Let's look forward to the year ahead. Whilst uncertainty still lingers following the vicissitudes of 2016, it seems there are some things of which we can be certain to see in the next twelve months within the UK construction industry. Here are a few of them:
Increased use of technology
There is a lot of buzz around Construction Tech at the moment: Virtual Reality, BIM and Data Storage are all topics getting a lot of media coverage. Whilst some of these advancements are not new, experts predict this is the year they will be launched. Such trends are certainly gathering pace and provide a professionally wholesome distraction away from economic or political musings. With the rapid development of technology across all sectors, the theme out there is that innovation must prevail within construction for the industry to evolve. The Farmer report has highlighted this and raised appropriate awareness, this year it will (hopefully) be about action.
Modular & Pre-fabricated Building
Leading on from this, the notion of pre-fabricated buildings is likely to get a good boost this year. In collaboration with the emphasis on affordable housing, as tackled in the UK government's Autumn Review, offsite construction methods should finally gain a stronger foothold in the market. The construction industry has always been slow to innovate but it appears this will be the year the windscreen wipers are switched on when it comes to the way in which pre-fabricated methods of construction are viewed.
This is not new news. The dearth of skilled labour is widely reported with the recession cutting jobs for many who then left the industry all together. A lack of technical training in schools and less emphasis on trades within education has exacerbated the situation shrinking the pool of workers further. Whilst apprenticeships are back on the agenda within some technical disciplines i.e. quantity surveying, it will be a long time before this approach becomes embedded into the professional psyche of our industry.
Aside from the long term implications of a dwindling labour force, alarming in itself when considered in conjunction with an aging workforce, construction firms are also feeling the immediate effect of labour shortage here and now. Higher costs and longer project schedules are the result. With construction costs on the rise due to the fallen sterling and the unknown future for many EU workers in our country, this is a topic that will very much remain in the spotlight.
Integration & Collaborative models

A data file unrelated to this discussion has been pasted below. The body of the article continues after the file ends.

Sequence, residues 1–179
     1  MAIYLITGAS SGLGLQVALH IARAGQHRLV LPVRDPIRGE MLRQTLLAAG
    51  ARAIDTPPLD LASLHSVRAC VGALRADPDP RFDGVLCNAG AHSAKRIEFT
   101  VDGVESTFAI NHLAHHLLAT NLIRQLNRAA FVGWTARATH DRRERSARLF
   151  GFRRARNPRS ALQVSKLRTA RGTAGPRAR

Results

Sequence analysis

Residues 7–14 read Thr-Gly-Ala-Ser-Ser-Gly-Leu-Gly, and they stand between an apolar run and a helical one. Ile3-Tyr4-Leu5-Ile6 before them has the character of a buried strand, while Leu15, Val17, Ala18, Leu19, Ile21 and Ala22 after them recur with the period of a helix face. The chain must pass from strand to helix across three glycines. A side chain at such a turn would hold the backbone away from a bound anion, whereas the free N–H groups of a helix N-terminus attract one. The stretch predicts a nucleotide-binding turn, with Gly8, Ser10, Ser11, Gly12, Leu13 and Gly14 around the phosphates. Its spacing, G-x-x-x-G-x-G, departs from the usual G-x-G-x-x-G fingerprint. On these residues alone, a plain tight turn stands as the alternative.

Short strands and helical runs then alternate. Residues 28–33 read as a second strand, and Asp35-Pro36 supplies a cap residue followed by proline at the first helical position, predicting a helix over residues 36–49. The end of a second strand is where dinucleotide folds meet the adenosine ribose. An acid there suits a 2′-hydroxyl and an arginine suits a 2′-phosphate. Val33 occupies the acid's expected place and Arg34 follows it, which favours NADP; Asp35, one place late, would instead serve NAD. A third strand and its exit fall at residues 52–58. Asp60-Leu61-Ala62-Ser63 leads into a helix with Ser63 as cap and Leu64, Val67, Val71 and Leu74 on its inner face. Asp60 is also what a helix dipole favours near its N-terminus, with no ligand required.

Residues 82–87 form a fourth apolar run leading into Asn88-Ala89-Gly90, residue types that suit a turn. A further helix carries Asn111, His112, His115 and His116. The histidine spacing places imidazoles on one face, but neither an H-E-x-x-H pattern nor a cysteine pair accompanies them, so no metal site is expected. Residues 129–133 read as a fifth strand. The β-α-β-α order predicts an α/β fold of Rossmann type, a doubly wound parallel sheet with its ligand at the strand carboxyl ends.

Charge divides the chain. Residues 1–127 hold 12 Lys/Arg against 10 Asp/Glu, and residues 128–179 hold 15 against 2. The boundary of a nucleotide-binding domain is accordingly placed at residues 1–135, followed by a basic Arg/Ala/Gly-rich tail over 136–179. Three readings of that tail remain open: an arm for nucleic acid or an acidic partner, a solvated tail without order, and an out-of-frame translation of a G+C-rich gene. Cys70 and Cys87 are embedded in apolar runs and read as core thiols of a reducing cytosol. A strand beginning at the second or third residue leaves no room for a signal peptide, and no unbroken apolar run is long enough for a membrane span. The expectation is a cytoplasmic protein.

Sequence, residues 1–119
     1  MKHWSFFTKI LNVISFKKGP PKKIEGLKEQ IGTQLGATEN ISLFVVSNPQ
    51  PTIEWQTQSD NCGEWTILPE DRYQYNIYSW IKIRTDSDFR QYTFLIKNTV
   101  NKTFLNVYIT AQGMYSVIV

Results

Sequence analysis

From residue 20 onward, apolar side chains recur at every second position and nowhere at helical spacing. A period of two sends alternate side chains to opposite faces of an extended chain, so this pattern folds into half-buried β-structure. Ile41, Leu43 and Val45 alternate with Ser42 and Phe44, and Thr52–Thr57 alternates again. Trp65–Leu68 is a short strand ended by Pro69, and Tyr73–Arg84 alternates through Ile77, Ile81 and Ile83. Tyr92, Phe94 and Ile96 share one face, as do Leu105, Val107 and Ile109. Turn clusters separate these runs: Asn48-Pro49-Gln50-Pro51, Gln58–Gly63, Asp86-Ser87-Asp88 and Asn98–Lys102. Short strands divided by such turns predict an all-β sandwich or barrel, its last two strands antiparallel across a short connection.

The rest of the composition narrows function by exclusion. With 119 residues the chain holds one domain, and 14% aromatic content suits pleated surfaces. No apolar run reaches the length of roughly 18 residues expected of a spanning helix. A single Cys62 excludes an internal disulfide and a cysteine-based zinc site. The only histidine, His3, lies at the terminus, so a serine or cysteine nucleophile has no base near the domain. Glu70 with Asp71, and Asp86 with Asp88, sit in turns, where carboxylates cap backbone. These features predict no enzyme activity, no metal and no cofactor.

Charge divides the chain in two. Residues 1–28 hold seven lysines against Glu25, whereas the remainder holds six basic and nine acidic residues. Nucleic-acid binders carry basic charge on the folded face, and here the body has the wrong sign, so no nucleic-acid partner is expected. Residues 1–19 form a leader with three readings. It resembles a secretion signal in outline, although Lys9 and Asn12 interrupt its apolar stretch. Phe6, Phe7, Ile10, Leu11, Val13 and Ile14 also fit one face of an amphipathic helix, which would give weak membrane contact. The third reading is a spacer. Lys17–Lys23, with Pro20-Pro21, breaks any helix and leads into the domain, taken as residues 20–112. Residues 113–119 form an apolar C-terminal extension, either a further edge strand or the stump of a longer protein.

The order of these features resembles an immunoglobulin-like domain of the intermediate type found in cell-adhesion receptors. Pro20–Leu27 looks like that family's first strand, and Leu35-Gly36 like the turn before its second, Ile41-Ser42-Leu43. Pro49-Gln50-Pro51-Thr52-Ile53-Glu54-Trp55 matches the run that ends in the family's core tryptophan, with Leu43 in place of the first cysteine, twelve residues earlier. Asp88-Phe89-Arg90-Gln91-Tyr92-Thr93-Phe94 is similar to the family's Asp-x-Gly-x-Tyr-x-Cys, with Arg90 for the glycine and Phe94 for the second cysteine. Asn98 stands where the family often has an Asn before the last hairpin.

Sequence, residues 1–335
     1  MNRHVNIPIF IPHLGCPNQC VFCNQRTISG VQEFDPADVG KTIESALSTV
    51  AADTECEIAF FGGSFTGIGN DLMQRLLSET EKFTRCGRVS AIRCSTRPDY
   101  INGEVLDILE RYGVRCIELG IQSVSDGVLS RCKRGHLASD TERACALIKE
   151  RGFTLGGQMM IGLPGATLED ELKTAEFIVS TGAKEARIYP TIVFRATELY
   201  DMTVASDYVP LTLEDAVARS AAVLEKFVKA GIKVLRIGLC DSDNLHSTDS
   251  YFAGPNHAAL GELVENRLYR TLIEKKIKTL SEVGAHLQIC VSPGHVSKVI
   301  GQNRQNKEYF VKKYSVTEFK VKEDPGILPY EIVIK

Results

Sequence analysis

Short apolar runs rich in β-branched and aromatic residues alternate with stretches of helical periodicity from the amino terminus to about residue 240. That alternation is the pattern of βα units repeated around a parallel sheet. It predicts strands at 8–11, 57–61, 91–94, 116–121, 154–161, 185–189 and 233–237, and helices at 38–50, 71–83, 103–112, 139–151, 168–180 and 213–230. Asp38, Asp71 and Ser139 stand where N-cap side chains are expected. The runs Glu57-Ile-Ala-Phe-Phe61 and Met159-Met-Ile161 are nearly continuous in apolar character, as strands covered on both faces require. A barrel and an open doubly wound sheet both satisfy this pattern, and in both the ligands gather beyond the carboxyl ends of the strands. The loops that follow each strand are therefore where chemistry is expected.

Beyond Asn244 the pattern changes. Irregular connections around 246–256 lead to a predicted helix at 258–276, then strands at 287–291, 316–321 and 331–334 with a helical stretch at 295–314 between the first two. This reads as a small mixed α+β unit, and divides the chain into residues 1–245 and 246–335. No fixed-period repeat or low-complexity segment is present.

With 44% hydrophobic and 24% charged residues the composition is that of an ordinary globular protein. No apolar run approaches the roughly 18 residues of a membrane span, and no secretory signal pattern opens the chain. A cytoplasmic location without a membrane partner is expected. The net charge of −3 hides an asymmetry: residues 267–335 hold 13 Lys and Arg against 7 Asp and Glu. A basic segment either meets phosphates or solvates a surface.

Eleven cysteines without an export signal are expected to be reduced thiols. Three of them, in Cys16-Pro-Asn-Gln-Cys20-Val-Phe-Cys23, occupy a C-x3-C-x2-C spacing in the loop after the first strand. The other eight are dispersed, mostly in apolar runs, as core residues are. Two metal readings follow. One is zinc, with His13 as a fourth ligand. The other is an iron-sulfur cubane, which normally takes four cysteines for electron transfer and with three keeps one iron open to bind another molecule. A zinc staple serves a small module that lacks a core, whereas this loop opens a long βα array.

Just as the excitement of virtual and augmented reality promotes the enhancement of project collaboration, albeit before building begins, so too does the concept of integration when it comes to construction itself. In the name of efficiency, collaborative project delivery methods are likely to become more popular this year. As PRS makes waves in the residential market, so too does the rising prevalence of joint venture partnerships between private developers and local authorities. With large infrastructure schemes gathering pace in the way of Heathrow and HS2, integrated project delivery and private public partnerships are likely to gain further ground in 2017 as a welcomed and overdue approach to help streamline projects towards success.
Lastly, one thing of which we can be very much certain 2017 will bring is further uncertainty. Given the economic and political climate of the world, this cannot be avoided and uncertainty is still lingering like a fog around accurate forecasts for 2017. Nonetheless, this will be a pivotal year and the fog will eventually have to lift. Hopefully by its end, we are all much more clear on where we are going.
EU: once Article 50 is triggered this Spring we can start to wade our way through the unknown a little more as a nation although many answers will still be far from reach, irrespective of our impatience.
Trump: from an economic perspective, his cabinet does seem to be 'pro-business'. Regardless of his agenda to draw business away from Europe and irrespective of the question mark around its own existential status, some experts claim that there may well be a chance Europe could benefit from any resumption of growth in the US.
Ultimately, so much time is spent on such speculation that until we know more, all we can do as an industry is put our best foot forward. We must fight our case to ensure the construction sector is visible when it comes to representation in future trade deals; something Lord Stunnell seems to be pioneering from what the industry press recently report, we must evaluate and innovate where we can, and then just get on with it. Whilst we wait for clarity and commitment from those at the front, it is up to us to seize the opportunities that the changing world can bring in the mean time.